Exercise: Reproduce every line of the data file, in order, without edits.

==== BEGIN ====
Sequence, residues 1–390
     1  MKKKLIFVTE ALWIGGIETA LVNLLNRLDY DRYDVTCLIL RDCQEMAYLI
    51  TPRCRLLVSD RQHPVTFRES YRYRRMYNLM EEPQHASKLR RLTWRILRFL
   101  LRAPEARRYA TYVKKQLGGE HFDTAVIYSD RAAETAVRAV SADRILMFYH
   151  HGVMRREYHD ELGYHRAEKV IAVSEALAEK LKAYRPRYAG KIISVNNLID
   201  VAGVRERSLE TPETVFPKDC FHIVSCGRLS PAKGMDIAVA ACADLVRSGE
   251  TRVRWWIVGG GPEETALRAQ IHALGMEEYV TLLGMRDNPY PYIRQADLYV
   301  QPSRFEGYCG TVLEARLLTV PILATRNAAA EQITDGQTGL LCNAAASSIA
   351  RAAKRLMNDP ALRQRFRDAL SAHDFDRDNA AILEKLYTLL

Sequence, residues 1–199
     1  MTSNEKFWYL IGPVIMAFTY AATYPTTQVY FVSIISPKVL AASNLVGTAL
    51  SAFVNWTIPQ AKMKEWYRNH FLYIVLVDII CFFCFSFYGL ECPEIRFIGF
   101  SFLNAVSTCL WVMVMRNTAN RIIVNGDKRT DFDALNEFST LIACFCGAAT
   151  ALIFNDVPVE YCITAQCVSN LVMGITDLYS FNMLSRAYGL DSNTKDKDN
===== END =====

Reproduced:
Sequence, residues 1–390
     1  MKKKLIFVTE ALWIGGIETA LVNLLNRLDY DRYDVTCLIL RDCQEMAYLI
    51  TPRCRLLVSD RQHPVTFRES YRYRRMYNLM EEPQHASKLR RLTWRILRFL
   101  LRAPEARRYA TYVKKQLGGE HFDTAVIYSD RAAETAVRAV SADRILMFYH
   151  HGVMRREYHD ELGYHRAEKV IAVSEALAEK LKAYRPRYAG KIISVNNLID
   201  VAGVRERSLE TPETVFPKDC FHIVSCGRLS PAKGMDIAVA ACADLVRSGE
   251  TRVRWWIVGG GPEETALRAQ IHALGMEEYV TLLGMRDNPY PYIRQADLYV
   301  QPSRFEGYCG TVLEARLLTV PILATRNAAA EQITDGQTGL LCNAAASSIA
   351  RAAKRLMNDP ALRQRFRDAL SAHDFDRDNA AILEKLYTLL

Sequence, residues 1–199
     1  MTSNEKFWYL IGPVIMAFTY AATYPTTQVY FVSIISPKVL AASNLVGTAL
    51  SAFVNWTIPQ AKMKEWYRNH FLYIVLVDII CFFCFSFYGL ECPEIRFIGF
   101  SFLNAVSTCL WVMVMRNTAN RIIVNGDKRT DFDALNEFST LIACFCGAAT
   151  ALIFNDVPVE YCITAQCVSN LVMGITDLYS FNMLSRAYGL DSNTKDKDN